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Study: Employer discrimination rampant against obese women

Most California communities don't have specific laws to protect citizens from bullies who target overweight people, but San Francisco does. San Francisco enacted a so-called fat ordinance in 2000 barring discrimination against a person's size, according to a New York Times report. Obesity is not a protected class in the workplace, under most employment laws.

A Vanderbilt University study found many overweight workers are relegated to jobs with lower pay and more physical demands than workers of average size. However, some obese employees are not subject to these unfavorable conditions. Researchers said employers don't place obese women in jobs that require dealing with the public, but do not hesitate to give those jobs to overweight men.

Researchers used body mass index to gauge which employees were obese or, in some cases, morbidly obese. Women who fell into these categories were some of the lowest paid workers, hidden from public view, unlike obese male counterparts. Overweight American women also held more unappealing, physically-demanding jobs than obese men.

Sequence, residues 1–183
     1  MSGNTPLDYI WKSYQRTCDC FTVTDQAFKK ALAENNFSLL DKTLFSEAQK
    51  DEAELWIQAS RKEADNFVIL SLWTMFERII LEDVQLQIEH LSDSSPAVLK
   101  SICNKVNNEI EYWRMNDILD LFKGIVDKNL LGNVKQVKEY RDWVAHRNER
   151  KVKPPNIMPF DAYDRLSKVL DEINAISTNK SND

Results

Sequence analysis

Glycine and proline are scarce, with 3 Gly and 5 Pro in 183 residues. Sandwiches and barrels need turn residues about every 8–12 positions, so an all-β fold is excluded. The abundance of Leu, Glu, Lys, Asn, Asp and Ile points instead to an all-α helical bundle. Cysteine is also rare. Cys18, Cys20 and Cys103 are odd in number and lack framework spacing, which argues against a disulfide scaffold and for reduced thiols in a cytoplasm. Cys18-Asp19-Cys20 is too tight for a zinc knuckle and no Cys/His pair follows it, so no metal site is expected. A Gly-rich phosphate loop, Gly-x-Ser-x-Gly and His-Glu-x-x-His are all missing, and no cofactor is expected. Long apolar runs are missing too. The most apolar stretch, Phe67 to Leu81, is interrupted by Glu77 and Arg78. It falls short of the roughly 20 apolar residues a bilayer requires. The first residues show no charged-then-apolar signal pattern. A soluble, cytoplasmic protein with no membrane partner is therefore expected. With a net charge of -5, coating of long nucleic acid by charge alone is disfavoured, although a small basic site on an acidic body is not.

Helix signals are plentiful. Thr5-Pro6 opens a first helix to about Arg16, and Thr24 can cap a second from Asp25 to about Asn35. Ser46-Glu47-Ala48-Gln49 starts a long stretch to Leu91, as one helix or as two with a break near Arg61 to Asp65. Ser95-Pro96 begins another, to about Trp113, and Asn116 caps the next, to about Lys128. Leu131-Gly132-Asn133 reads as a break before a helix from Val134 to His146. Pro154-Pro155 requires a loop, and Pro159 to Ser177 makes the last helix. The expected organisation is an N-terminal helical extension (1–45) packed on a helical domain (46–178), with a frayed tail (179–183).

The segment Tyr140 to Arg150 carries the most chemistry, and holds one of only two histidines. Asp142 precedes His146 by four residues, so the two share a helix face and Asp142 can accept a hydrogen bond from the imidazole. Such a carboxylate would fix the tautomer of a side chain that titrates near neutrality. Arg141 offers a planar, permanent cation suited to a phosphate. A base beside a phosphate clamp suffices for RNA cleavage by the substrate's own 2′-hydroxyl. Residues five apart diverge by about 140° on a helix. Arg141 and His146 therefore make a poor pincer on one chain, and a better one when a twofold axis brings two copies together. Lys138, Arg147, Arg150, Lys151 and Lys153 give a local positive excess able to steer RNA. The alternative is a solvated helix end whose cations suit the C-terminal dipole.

The Vanderbilt research compared information from the U.S. government's Current Population Survey with a second nationwide survey about food intake and jobs. Women with "average weights" were paid nearly five percent more than morbidly obese women, when both performed jobs dealing with the public. The study concluded employers sexually discriminated against overweight females.

A representative of the National Association to Advance Fat Acceptance was not shocked by the results of the research. NAAFA claims studies have shown repeatedly fat discrimination is common among employers, landlords, colleges and others. The Vanderbilt research takes the claims one step further by connecting obesity at work to discrimination against women.

Gender may not be used, overtly or subtly, as an excuse by employers to discriminate against workers. Workplace gender discrimination violates California and federal laws. Workers have a right to file claims against companies that mistreat them based on gender.

Source: NBC News, "Overweight Women Tend To Earn Smaller Paychecks, Study Claims" Bill Briggs, Oct. 21, 2014

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